Now, let's have the site maintainer do the final processing using either GET, POST, or a POST request with AJAX. Each way is almost identical, with minor differences - check if a key is set, check if the fields are valid, and if so, get out results.
Code: [Select]
<?php

// POST
$reqAttr  searchForm_reqAttr();
$request $reqAttr['search']['name'];
$method  $GLOBALS['_'.strtoupper(SEARCH_FORM_METHOD)];
if( isset($method[$reqAttr['submit']['name']]) ) {  # - From Submit
if( validateSearchRequest() !== true) {
print_r(validateSearchRequest()); // do something with the errors
} else {
$results getSearchResults($request);
}
}
unset($reqAttrm$request$method);

foreach( $results as $result ) {
// output html & php
}
?>


Code: [Select]
<?php

// GET - remove name field from submit - don't need it in the url
$reqAttr  searchForm_reqAttr();
$request $reqAttr['search']['name'];
$method  $GLOBALS['_'.strtoupper(SEARCH_FORM_METHOD)];
if( isset($method[$reqAttr['search']['name']]) ) {   # - From URL
if( validateSearchRequest() !== true) {
print_r(validateSearchRequest()); // do something with the errors
} else {
$results getSearchResults($request);
}
}
unset($reqAttrm$request$method);

foreach( $results as $result ) {
// output html & php
}

?>


Code: [Select]
<?php

// POST AJAX Request
if( // an Ajax request
    isset($_SERVER['HTTP_X_REQUESTED_WITH']) 
&&  strtolower($_SERVER['HTTP_X_REQUESTED_WITH']) == 'xmlhttprequest'
) {
$reqAttr  searchForm_reqAttr();
$request $reqAttr['search']['name'];
if( validateSearchRequest() !== true) {
echo json_encode(validateSearchRequest());
// Use JS to output the errors
} else {
echo json_encode(getSearchResults($request));
// Use JS to output the results
}
die();
}

?>


A very simple example to ilustrate the different ways to process the search results - all without including markup, styling or javascript in the core code.  And with seeing the examples, you can see how the core script & plugin/add-on didn't change for each method or for the change in markup - those decisions were left with the site maintainer/template author, who now has more control on their site.

Quote
This post is in addition to this thread as ideas for future version or ideas for forks.
« Last Edit: November 19, 2012, 02:01:46 AM by nukpana »
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Fred K

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Re: Separating Markup from Logic
« Reply #1 on: November 20, 2012, 07:01:50 PM »

Great example Jason! +1 karma.
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Rui Mendes

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Re: Separating Markup from Logic
« Reply #2 on: November 20, 2012, 09:10:04 PM »

Jason I read your post, thanks for share with us.

One question, if you have a form with multiple inputs with same type (i.e. text), how can do it

Code: [Select]
<?php
function searchForm_reqAttr() {
 $array = array(
 "form"  => array("method" => SEARCH_FORM_METHOD),
 "search"  => array("name"   => "name_field",  "email"   => "email_field""website"   => "website_field"),
 "submit"  => array("name"   => "submit_search_form")
 );
 return $array;
 }
?>


<body>
<header>
<?php $searchAttr searchForm_reqAttr(); ?
<form method="<?php echo $searchAttr['search']['form'] ; ?>
" action="test.php">
<p>
<input  type="text"
name="<?php echo $searchAttr['search']['name'] ; ?>">
<input  type="text"
name="<?php echo $searchAttr['search']['email'] ; ?>">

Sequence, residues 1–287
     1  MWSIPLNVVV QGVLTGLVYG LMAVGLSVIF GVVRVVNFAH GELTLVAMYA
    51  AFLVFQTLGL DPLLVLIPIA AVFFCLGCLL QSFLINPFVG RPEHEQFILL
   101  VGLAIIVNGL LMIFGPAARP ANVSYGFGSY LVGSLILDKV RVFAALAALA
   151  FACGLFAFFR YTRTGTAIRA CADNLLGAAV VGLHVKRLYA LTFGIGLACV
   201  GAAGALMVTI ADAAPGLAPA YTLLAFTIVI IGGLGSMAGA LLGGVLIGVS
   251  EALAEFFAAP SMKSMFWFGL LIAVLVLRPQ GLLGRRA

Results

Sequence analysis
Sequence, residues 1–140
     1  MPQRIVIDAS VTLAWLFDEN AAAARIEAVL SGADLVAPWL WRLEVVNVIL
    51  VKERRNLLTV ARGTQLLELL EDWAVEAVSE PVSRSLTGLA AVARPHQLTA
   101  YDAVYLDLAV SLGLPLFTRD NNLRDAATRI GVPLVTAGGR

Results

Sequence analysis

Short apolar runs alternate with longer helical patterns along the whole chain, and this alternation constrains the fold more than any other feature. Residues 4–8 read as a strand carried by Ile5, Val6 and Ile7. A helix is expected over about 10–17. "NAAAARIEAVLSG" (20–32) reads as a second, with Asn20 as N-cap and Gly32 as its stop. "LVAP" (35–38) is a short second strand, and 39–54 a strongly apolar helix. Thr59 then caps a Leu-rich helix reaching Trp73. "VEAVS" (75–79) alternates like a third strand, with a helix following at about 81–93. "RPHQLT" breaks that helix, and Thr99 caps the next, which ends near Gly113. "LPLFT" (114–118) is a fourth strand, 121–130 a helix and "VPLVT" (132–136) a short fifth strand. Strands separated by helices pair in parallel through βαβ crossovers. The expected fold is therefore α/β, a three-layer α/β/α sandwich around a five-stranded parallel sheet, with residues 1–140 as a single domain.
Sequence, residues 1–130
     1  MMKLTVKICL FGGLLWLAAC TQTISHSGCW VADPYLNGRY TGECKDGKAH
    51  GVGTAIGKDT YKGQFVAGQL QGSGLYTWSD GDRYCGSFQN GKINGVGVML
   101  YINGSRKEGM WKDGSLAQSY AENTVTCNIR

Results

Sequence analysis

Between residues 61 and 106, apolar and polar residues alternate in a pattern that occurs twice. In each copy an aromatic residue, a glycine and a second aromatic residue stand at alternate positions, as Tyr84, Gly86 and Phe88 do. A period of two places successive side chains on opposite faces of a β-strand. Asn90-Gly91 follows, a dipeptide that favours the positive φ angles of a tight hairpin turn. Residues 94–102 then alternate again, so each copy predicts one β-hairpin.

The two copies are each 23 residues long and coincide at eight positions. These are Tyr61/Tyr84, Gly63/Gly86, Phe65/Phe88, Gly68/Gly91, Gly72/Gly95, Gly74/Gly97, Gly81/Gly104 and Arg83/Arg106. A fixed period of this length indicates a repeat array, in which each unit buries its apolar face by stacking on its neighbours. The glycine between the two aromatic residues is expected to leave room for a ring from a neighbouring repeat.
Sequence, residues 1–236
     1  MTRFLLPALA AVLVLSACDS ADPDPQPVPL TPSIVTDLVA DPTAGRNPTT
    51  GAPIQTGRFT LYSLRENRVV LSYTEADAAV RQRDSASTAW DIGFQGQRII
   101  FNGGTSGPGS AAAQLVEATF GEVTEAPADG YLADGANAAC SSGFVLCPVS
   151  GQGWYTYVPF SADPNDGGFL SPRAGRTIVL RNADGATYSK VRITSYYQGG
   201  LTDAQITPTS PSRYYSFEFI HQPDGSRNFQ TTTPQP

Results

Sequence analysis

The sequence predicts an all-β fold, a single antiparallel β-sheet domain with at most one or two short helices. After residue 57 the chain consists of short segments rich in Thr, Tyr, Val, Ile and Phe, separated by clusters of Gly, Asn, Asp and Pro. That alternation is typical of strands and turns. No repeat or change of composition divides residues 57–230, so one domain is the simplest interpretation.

<input  type="text"
name="<?php echo $searchAttr['search']['website'] ; ?>">
<input  type="submit"
name="<?php echo $searchAttr['submit']['submit'] ; ?>"
value="Search">
</p>
</form>
</header>
</body>

Is this correct?
« Last Edit: November 20, 2012, 09:11:58 PM by Rui Mendes »
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nukpana

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Re: Separating Markup from Logic
« Reply #3 on: November 21, 2012, 12:21:43 AM »

@Rui, define it semantically like so:
Code: [Select]
<?php

define('SEARCH_FORM_METHOD''post'); // GET or POST

function searchForm_reqAttr() {
$array = array(
"form"   => array(
"method" => SEARCH_FORM_METHOD,
"action" => basename($_SERVER['SCRIPT_NAME'])
),
"search"  => array(
"name"  => "search_field",  
"id"  => "seach_field"
),
"email"  => array(
"name"  => "email_field"
),
"website"  => array(
"name" => "website_field"
),
"hidden" => array(
"ip" => array(
"name" => "ip",
"value" => $_SERVER['REMOTE_ADDR']
),
"time" => array(
"name"  => "time",
"value" => date('Y-m-d H:i:s')
)
),
"submit"  => array(
"name"  => "submit_search_form"
)
);
return $array;
}

?>

<body>
<header>
<?php $searchAttr searchForm_reqAttr(); ?>
<form
method="<?php echo $searchAttr['form']['method']; ?>"
action="<?php echo $searchAttr['form']['action'] ; ?>">
<p>Search for:
<input
type="text"
name="<?php echo $searchAttr['search']['name'] ; ?>"
id="<?php echo $searchAttr['search']['id']; ?>">
</p>
<p>Email:
<input 
type="text"
name="<?php echo $searchAttr['email']['name']; ?>">
</p>
<p>Website:
<input 
type="text"
name="<?php echo $searchAttr['website']['name']; ?>">
</p>
<input
type="hidden"
name="<?php echo $searchAttr['hidden']['ip']['name']; ?>"
value="<?php echo $searchAttr['hidden']['ip']['value']; ?>">
<input
type="hidden"
name="<?php echo $searchAttr['hidden']['time']['name']; ?>"
value="<?php echo $searchAttr['hidden']['time']['value']; ?>">
<input 
type="submit"
name="<?php echo $searchAttr['submit']['name']; ?>"
value="Search">
</form>
</header>
</body>
I even added hidden inputs examples as well.

You see the array mimics a form without the actual markup. The idea is what-the-item-is => array(attribute => value).  Hope this helps!
« Last Edit: November 21, 2012, 12:56:58 AM by nukpana »